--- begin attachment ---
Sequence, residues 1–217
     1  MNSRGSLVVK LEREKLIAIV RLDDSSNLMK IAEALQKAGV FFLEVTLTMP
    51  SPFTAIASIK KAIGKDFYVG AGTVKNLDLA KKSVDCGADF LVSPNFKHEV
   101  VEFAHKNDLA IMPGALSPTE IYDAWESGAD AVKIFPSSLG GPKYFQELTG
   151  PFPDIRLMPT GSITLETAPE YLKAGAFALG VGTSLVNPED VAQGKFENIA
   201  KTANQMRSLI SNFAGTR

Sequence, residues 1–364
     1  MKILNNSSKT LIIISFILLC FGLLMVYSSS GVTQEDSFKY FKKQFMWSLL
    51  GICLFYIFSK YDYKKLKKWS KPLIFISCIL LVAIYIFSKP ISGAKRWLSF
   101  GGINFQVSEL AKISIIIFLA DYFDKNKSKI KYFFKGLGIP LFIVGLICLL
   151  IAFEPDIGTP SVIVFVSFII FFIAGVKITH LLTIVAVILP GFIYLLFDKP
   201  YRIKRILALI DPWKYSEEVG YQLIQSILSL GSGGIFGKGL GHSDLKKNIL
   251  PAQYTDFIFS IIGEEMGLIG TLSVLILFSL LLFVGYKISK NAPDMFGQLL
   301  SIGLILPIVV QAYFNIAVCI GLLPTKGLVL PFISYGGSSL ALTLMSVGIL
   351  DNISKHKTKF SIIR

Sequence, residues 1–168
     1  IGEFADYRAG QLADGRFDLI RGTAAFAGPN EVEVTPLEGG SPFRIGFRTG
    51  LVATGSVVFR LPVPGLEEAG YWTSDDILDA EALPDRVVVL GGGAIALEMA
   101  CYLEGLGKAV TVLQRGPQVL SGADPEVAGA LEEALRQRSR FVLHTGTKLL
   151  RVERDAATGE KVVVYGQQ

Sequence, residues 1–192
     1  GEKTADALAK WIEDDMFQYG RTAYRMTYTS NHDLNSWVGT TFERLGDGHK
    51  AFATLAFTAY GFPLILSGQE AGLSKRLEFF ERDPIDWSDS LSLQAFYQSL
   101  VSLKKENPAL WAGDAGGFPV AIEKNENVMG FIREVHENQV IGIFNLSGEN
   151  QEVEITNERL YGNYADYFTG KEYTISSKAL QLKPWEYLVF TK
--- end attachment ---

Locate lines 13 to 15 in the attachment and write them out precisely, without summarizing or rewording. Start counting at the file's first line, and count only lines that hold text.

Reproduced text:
   251  PAQYTDFIFS IIGEEMGLIG TLSVLILFSL LLFVGYKISK NAPDMFGQLL
   301  SIGLILPIVV QAYFNIAVCI GLLPTKGLVL PFISYGGSSL ALTLMSVGIL
   351  DNISKHKTKF SIIR